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Forget The "Sandwich" Technique by Alan Fairweather
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Forget The "Sandwich" Technique
Do you remember being told to use "sandwich" technique when you needed to reprimand someone? Let me give you an example: "Fred, I'm really pleased with how you've been progressing since you joined us and you're doing a great job. However you're not getting your reports in on time and we're missing deadlines. I'd like you to tighten up a bit on this. Anyway,thanks for all you've done so far and keep up good work."
Have you ever said something along these lines? You probably needed Fred to sort out his reporting but you didn't want to upset or demoralise him. The only problem is that Fred may not get message. The importance of it may be seriously diluted. He may hear it as, "Fred, you're doing a brilliant job, you just need to sort out reporting bit but it's not really that important." What happens then is, Fred continues to fail with his reports.
The "sandwich" technique doesn't work, it lets you off hook and it's mealy mouthed. Be direct with your people and they'll respect you more for it. You are also much more likely to get a change in behaviour. If you are unhappy with some aspect of an employee's performance then you need to tell them so. The skill is in doing it in a way that's effective and doesn't lower morale of individual.
Firstly, it's not acceptable to speak to your people just when you're unhappy about something. Tell them good news as well. As Kenneth Blanchard and Spencer Johnson say in their book The One Minute Manager - "Catch people doing something right" and tell them about it.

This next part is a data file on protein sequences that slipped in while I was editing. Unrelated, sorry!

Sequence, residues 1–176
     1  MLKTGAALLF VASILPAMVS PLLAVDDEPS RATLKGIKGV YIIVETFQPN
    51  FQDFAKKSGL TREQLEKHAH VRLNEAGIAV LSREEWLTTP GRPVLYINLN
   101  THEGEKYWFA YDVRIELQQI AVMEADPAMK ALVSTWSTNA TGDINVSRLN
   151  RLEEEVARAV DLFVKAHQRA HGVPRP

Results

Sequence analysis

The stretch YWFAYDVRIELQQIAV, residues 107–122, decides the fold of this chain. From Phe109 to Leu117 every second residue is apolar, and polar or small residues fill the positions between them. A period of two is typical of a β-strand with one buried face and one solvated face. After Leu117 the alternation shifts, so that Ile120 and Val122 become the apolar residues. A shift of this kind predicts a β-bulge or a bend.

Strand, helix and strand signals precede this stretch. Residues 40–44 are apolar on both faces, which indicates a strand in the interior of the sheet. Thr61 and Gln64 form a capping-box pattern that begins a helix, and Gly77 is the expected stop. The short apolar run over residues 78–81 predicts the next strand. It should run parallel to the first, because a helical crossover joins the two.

Some managers and employers still have this daft notion that if people are doing things right then that's what they're paid for and they don't need complimented. Ask almost any employee in Industries throughout world and they'll tell you that they don't feel appreciated by their manager.
When you notice someone doing something you do like, tell them about it. When you notice them doing something you don't like, tell them about it. Whether it's good news or bad, same rules apply. Do it as soon as possible. Acknowledgement of a job well done is not much good six months later. Also, if you don't immediately call someone's attention to something you are not happy about, then they'll assume it's okay. Either that or they'll think you didn't notice or you don't care. Do it in private. Why is it that some managers still feel it's okay to reprimand someone in front of their colleagues? Even mildest rebuke can have a negative effect on morale.